@agile_geek - Right, read it, agree wholeheartedly, but my current situation is in a PHP environment and having the config in an entirely separate Git Repo, by environment (Dev, Stage, Prod) that has (until recent staff cuts) had much narrower access was the only way to stay sane. It is fair to say that the approach you describe, config per environment and then one ENV_VAR to switch which config is loaded by the app is probably my preferred approach as long as I trust the people involved.
i.e. my concerns with config in the codebase are more about human issues than system / software design.
Every poor codebase, badly maintained, bug ridden and/or inappropriate (to biz requirements) system I've ever worked with has got that way through misscomunication
I do like the idea of only baking in the config that's for the destination ENV when building Containers, so all the configs are in the codebase, only the correct one is deployed.
That's why the most important things we can do in software is recruit well, train and educate and talk!
@agile_geek - Yeah, it's certainly been issue #1 or #2 along with higher-up management dictat about time constraint
(leading to knowingly incurred technical debt that is then pathologically ignored / dismissed despite constant reminders)
@glenjamin wouldn't it make sense to do a
ALLOW_HTTP instead of a
HTTPS_ONLY. so that the less save option is something you have to make an exception for?
@agile_geek > and then have an environment variable to tell the code which file to load This line I slightly disagree with. One file, no duplication is better. If you take a look at Aero, it gives you tools to do switching for particular variables & such, meaning there's no duplication (maintenance headache!)
I like Aero too, use it a lot in Onyx jobs for
I do think config around framework or structure of that app (which doesn't change per env) should be treated as code.
I guess my main objection is when ppl externalise things that change the way an app behaves. The naive assumption being that you can change the apps behaviour for new requirements without writing code (so externalised rules engines are the worst example). The issue being that you lose the disciplines required in development, i.e. config management, testing, etc.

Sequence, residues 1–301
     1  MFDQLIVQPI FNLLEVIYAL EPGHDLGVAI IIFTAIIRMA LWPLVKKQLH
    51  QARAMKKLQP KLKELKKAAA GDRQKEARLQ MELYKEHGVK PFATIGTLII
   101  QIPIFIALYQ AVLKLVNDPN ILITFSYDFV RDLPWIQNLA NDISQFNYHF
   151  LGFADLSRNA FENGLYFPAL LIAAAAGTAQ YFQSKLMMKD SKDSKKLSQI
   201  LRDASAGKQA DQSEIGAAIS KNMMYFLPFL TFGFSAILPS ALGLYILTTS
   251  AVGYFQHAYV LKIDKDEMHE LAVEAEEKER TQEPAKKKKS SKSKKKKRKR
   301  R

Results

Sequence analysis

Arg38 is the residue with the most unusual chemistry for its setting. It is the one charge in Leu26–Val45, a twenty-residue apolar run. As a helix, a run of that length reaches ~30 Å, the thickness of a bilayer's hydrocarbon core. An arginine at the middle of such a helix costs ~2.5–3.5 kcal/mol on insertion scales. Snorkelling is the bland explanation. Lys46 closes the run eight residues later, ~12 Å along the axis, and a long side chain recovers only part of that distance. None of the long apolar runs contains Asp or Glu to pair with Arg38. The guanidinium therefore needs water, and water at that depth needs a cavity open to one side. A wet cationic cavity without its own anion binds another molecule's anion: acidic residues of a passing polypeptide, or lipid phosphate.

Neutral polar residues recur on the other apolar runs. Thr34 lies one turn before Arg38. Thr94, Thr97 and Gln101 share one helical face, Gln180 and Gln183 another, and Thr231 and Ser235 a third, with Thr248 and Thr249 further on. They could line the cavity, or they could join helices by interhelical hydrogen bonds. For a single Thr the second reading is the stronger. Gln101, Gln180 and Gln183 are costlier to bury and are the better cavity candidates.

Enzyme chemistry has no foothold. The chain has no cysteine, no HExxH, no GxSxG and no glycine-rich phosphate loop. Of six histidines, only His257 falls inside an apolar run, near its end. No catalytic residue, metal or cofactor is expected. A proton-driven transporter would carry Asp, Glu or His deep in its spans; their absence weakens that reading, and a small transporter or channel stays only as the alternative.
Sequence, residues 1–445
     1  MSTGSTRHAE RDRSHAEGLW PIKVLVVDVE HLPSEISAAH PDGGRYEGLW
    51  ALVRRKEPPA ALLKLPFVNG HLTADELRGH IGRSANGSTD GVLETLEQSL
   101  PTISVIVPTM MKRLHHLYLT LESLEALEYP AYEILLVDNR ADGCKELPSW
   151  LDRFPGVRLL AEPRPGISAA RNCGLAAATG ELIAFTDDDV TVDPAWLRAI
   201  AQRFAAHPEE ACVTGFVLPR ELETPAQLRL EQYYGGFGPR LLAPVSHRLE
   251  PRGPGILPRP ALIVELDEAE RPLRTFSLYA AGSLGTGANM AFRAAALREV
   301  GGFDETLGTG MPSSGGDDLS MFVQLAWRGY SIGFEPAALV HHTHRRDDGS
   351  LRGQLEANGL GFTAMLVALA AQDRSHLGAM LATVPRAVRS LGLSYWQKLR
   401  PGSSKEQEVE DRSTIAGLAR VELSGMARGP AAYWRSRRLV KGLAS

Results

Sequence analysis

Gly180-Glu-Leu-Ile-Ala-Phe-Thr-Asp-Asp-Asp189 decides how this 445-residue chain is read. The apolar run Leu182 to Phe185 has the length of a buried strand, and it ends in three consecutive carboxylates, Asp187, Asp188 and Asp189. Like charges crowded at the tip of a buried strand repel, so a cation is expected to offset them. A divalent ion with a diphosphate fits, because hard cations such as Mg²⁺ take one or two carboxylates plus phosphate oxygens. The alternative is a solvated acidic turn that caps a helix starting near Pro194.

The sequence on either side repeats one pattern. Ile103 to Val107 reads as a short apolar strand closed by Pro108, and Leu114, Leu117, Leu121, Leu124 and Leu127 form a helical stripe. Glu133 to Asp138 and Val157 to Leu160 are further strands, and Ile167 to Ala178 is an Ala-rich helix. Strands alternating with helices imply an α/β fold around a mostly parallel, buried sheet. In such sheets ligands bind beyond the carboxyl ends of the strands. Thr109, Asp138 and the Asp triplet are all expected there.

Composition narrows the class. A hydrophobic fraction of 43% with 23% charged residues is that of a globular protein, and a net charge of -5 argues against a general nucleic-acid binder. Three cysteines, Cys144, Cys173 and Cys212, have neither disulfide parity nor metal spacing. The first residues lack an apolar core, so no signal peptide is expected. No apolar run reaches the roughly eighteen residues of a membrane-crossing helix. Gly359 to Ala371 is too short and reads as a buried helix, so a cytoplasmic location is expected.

@dominicm so.... when you start a new project at Juxt... do you start with a
project.clj template that has every single Juxt lib in it?
@thomas possibly, it was a toss-up between ease of onboarding vs potential to forget in prod
Not to say you can't use a rules engine in an app...just make it a part of the app not a tool for business people to change code.
once it’s turned on once, there’s no reason to ever turn it off, so i figured prod wasn’t that risky
@glenjamin hee hee...really? That's like saying the millions of lines of COBOL still in prod are not a thing these days 😈
what i mean is that a new build in my context won’t hit a manual-build-in-prod scenario
maybe you are lucky enough to work in an environment where you can do all those things .
i’d probably have the app load a
.env file on startup which is git ignored in that case so i can easily set some dev stuff
maybe i’ll add a dummy config var called
HAS_CONFIG which gives a nice friendly error message about how to set up config if its absent
no-one ever reads the setup docs, people almost never read warnings, but if the app refuses to start with an error message, it might sometimes get read
if you’re not checking in a config/env file then what does the likes of CircleCI do for testing?
config is all from environment vars, the
.env file is just a list of environment vars that get loaded
so, related question: the app talks to a backend API server, so one of the params is the URL to that Should it default to 🅰️ the non-prod API; 🅱️ the prod API or 🅾️ no default
i generally have all my defaults for dev and require some effort to configure a production system
this is win-win, because everything in production is clustered and often requires a list of ips or names, so is going to require some config anyway
I had voted "no default", but if the prod API is read-only and public/a conceptually separate service then (maybe only for some types of data?) it might make sense to default to the production API
So, one of the nice things about "externalising" configuration is that people don't need to "know" clojure/C/whatever to use the tool. e.g, NGINX.
that depends - e.g. you need a good knowledge of Java to write effective Spring XML configuration
also, you then require people to know XML/JSON/YAML/whatever-they-think-of-next
When I have
[cider/cider-nrepl “0.14.0”] and
[refactor-nrepl “2.2.0”] in my plugins at the REPL (things I use to enable clojure-refactor moves) the REPL startup goes from 10secs to over 60secs. Anyone else experiencing the same?
In theory, it needn't be a trade-off. If those recent profilings prove to be fixable.
@glenjamin can you provide no default in code but an easy way to include them in dev? e.g. My